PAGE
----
“We don’t decide on the figures. We are not even asked. We are sent Cabinet papers and we implement them,” Bathiudeen said.

Bathiudeen was then cross-examined by Shamil Perera, PC, who represents the Archbishop of Colombo, Malcolm Cardinal Ranjith.

Shamil Perera: “How much was an injured person to be paid?”

Bathiudeen: “The Cabinet decided to put a cap of Rs. 500,000 as regards the victims of the Easter Sunday attacks. But people were paid less based on medical reports. We judged the effect of these injuries would have on his or her earning capacity.”

Perera PC: “You said that 280 injured persons of the blast at Katuwapitiya Church were compensated. However only 32 victims have received Rs. 500,000. Meanwhile 147 people, the overwhelming majority, received only Rs. 50,000 each. At Kochchikade 102 were injured. Only 13 victims received Rs. 500,000 each. Meanwhile 40 people received only Rs. 50,000 each. Did you know that these people had serious injuries”

Bathiudeen: “Yes.”

Perera PC: “Many people had to undergo surgeries. Is Rs. 500,000 enough for a surgery?’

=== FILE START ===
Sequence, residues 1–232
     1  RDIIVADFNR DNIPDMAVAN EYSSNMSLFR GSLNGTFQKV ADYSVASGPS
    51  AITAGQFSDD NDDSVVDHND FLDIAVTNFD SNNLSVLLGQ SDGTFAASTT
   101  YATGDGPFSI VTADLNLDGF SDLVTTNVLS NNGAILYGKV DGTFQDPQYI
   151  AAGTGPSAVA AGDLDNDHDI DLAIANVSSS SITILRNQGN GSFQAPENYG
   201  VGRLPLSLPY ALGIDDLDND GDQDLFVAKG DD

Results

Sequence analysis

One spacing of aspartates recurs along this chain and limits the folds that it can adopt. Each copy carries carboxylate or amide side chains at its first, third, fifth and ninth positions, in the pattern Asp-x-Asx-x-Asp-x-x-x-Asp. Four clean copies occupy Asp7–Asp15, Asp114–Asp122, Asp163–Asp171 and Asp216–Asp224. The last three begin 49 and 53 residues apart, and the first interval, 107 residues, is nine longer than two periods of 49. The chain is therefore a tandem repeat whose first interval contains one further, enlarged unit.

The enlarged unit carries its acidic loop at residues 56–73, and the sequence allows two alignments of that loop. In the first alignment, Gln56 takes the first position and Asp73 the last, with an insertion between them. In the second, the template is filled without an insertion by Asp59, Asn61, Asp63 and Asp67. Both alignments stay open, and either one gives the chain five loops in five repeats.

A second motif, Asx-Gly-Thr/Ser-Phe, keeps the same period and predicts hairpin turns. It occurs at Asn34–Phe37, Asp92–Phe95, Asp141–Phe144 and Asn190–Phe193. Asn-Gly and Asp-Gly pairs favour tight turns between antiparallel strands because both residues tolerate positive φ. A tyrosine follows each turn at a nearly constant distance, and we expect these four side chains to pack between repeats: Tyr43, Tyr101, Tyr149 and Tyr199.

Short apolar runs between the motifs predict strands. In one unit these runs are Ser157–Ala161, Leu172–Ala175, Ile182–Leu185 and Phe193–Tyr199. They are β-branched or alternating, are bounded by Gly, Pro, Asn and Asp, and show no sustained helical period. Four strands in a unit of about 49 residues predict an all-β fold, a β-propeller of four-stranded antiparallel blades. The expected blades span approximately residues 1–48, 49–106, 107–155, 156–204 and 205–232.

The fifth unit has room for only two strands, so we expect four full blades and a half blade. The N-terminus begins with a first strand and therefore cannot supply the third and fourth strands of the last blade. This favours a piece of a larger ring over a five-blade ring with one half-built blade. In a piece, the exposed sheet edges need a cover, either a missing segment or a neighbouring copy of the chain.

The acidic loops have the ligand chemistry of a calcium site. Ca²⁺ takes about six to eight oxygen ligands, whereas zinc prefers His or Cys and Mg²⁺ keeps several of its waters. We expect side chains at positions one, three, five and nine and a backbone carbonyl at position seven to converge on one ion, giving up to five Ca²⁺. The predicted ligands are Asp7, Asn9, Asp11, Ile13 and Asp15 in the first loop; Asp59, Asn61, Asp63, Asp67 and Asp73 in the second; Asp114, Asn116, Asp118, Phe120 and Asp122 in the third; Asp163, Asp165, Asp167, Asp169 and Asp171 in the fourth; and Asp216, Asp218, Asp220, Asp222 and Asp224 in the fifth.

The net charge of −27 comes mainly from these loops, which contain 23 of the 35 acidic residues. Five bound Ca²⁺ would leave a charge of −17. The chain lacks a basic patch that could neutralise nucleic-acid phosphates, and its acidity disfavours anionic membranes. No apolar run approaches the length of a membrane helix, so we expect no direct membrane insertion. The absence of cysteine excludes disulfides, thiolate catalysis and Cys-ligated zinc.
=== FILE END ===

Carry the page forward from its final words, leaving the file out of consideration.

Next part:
Bathiudeen: “It’s true. The Cabinet took this decision”.

Perera PC: “Do you know that the Catholic Church paid for the surgeries?”

Bathiudeen: “No.”

Perera PC: “You said that those who died at Digana and Beruwala received higher amounts due to political influence.”

Bathiudeen: “As I said the numbers were agreed upon during the meeting at the Kandy Kachcheri. The then Minister of Rehabilitation D. M. Swaminathan prepared the first draft. The Finance Ministry headed by then PM Ranil Wickremesinghe then amended the Cabinet paper.”

A Commissioner: “Politicians didn’t try to increase compensation for Easter Sunday attack victims?”

Bathiudeen: “Politicians on different occasions decide on various numbers.”

Perera, PC: “Do you agree that the compensation paid to Easter Sunday attack victims is not enough?”